Dry Mouth

Dry Mouth Sjögren’s Syndrome

The decrease in the quantity and quality of saliva, produces alterations in diet, speech articulation, infections of the oral mucosa, tooth decay and severe and constant discomfort.

Dry mouth is a symptom associated with various alterations that are often studied and treated by our speciality. Chronic nasal breathing problems, nocturnal snoring, certain drugs and treatments with radiotherapy are some of the causes of dry mouth that we can cure or alleviate from otolaryngology. On other occasions, the problem is a decrease in the quantity or quality of saliva due to diseases of the gland itself, the most frequent of which is Sjögren’s disease which is characterised by dry mouth and dry eyes.


Sjögren’s syndrome is a disease with an autoimmune mechanism in which the cells in charge of generating the immune and inflammatory response to defend us from external aggressions from germs and toxins actually attack our organism. The characteristics of this disease are that the salivary and lacrimal glands are affected. The most frequent presentation is in the form of dry eyes, dry mouth, tiredness and generalised pain. The disease still has no cure, the treatments seek to improve the patients’ quality of life by alleviating the symptoms derived from dry mouth and eyes, which is where we come in.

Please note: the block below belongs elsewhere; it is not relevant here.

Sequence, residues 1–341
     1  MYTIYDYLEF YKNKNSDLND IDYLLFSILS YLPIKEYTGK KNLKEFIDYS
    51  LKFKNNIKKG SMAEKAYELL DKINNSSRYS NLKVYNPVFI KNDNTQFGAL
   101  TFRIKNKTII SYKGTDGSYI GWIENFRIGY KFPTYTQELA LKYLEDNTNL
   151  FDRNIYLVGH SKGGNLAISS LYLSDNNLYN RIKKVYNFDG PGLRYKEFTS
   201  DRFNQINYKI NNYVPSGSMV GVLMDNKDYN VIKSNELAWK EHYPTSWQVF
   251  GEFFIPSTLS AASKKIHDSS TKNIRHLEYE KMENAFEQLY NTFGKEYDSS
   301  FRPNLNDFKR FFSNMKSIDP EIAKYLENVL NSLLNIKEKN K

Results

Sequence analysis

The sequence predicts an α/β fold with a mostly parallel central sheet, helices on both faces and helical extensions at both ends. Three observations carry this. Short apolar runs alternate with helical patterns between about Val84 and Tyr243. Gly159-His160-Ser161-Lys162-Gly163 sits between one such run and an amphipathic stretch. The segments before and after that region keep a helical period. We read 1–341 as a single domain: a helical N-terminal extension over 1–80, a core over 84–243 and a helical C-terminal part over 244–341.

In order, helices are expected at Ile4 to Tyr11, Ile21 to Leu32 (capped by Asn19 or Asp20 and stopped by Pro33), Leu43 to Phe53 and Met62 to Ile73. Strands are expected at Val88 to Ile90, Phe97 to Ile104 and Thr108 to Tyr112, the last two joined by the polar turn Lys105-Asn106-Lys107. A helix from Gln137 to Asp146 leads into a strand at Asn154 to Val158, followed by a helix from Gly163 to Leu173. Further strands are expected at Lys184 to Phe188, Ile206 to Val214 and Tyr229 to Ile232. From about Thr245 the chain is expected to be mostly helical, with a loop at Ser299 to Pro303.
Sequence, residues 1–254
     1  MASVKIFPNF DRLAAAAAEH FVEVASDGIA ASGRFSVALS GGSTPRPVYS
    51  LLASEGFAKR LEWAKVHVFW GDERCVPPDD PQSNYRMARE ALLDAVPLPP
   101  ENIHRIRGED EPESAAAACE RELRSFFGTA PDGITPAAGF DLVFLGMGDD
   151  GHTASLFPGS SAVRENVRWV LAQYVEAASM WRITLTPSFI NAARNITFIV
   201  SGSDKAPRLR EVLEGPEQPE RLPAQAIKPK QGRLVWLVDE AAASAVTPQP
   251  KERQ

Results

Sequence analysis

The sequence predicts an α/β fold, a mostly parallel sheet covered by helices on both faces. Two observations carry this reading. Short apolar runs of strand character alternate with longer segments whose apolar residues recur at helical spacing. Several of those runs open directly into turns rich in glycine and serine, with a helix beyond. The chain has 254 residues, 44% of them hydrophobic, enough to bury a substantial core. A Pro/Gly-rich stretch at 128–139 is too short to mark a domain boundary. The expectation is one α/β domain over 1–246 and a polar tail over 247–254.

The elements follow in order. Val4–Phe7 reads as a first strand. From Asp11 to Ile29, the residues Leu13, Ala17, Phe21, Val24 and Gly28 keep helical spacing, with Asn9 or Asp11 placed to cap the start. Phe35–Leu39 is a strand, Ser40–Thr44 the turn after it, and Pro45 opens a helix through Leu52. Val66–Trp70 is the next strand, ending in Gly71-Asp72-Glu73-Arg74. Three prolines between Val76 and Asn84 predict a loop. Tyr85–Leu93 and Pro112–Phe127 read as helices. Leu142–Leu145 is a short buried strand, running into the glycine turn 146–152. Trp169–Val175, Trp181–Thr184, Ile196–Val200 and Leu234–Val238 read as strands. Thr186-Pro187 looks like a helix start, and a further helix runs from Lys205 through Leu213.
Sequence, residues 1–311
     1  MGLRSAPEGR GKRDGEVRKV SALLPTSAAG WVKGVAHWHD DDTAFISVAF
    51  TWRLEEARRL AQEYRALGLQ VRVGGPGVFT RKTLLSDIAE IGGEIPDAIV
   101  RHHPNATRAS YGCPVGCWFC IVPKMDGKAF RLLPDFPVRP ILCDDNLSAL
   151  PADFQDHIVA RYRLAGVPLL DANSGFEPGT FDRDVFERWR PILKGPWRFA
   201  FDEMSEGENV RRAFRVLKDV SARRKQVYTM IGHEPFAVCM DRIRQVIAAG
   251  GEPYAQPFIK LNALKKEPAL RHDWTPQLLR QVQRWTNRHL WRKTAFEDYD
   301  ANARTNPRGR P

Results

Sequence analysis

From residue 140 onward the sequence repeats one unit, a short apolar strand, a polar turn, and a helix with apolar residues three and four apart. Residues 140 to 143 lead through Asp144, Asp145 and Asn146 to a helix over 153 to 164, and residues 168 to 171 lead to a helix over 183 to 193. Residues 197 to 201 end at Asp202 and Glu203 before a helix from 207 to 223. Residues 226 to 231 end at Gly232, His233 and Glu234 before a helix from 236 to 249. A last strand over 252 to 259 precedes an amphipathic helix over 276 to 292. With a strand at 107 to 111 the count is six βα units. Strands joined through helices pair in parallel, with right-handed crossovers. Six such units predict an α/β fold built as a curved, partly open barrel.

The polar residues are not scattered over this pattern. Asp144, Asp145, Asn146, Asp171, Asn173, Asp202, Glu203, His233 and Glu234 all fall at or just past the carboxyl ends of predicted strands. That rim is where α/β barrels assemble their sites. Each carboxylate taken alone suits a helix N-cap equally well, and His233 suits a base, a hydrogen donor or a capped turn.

Answering “yes” to any of the following questions leads to a possible diagnosis of Sjogren:

1. Have you had persistent, disruptive daily eye dryness for more than 3 months?

2. Do you often have a gritty sensation in your eyes?

3. Do you use artificial tears more than three times a day?

4. Have you had a dry mouth sensation daily for more than three months?

5. Do you often drink liquids to help swallow dry food?

In addition, we will need to do other objective tests to diagnose the disease:

Minor Salivary Gland Biopsy:
Performed as an outpatient in about 10 minutes. With a little anaesthetic, similar to that applied by dentists, on the inside of the lower lip, we will take a sample of your minor salivary gland. A anatomopathological study will then be performed on the sample to detect the characteristic alterations of this disease.

Schirmer’s Test:
It allows us to evaluate the amount of tears we produce. We will place a strip of absorbent paper on the lower eyelid and leave it there for 5 minutes, after which we will measure the length of the moistened part of the strip.

Unstimulated Whole Saliva Flow:
We can measure the amount of saliva we produce by collecting it in a container for 5 minutes.

A conventional blood draw will be able to detect specific markers of Sjögren’s disease.

This set of tests allows us to rule out, confirm or suspect Sjögren’s disease in a patient with symptoms of dry eyes and mouth.